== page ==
It is very difficult, if not impossible, to completely eliminate an ant colony from the home landscape with any device or product considered safe for people and pets. Given their positive role in the landscape, it is not even desirable to completely eradicate them. It is possible, however, to cause the ants to move their colony elsewhere. It is also possible, with persistent effort, to control the size of an ant colony. The best strategy, then, is to safely force visible, nuisance ants to move their colony to a more remote location outside the area of the property reserved for normal activities and then keep that colony’s size under control.
Repeatedly raking unsightly mounds flat is often effective in encouraging ants to move their nest elsewhere. Flooding the mounds with water from a hose also discourages them. Insert a hose into the mound and let the water slowly drip for several hours a day for several days.
Another technique is to introduce into a nest a shovelful of ants from one mound into another. Ants are very territorial and will battle to the death to eject a foreign colony.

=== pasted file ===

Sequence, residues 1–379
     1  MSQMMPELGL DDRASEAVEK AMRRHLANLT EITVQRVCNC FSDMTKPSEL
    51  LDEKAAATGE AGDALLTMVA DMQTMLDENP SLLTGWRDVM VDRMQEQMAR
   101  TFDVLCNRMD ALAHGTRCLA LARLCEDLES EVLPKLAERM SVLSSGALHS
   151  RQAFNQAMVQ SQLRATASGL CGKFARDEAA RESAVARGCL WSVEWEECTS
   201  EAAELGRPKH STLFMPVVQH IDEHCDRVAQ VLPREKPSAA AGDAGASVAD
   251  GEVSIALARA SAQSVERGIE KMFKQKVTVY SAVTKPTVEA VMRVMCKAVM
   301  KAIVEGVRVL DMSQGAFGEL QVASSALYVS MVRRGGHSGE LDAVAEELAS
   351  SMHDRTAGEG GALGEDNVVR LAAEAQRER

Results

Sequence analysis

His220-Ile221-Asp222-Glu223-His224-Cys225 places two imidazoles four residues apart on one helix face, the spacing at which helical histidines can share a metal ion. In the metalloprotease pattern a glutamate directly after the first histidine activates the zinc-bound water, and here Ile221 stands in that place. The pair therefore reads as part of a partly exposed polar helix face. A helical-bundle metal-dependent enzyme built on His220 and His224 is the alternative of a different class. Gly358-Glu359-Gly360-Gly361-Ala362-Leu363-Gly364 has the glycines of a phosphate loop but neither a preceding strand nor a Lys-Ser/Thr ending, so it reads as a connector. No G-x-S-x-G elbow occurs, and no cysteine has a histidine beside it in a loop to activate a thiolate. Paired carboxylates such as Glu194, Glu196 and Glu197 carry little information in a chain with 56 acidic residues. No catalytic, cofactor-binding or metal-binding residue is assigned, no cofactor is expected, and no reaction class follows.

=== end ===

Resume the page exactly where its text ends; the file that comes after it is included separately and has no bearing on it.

Pouring boiling water into ant mounds or onto areas where swarms are visible effectively destroys many ants, and sometimes whole colonies if the queen is killed. However, it takes some persistence. Treat small mounds twice, with at least 3 gallons of boiling (about 190° F) water each time. Break up the top of the mound and pour the water in. Re-treat mounds once weekly until all the ants disappear. The boiling water treatment temporarily sterilizes the soil, so work in some organic matter after treatments are complete.
Attract The Songbirds
Songbirds also play a role in balancing populations of ants and other insects. Certain ones, such as flickers relish ants as a significant part of their diet. Others have a more amicable relationship with the non-stinging types. Dozens of bird species engage in "anting" activity, mostly in late summer and early fall. They either sit on anthills to encourage ants to crawl through their plumage or actively squeeze ants in their bills to force the release of fluids from their anal glands or abdomens onto their feathers. Researchers think this helps birds facilitate molting, groom feathers and, possibly, kill parasites such as mites and lice. Where there are few songbirds, ants are likely to be more prevalent.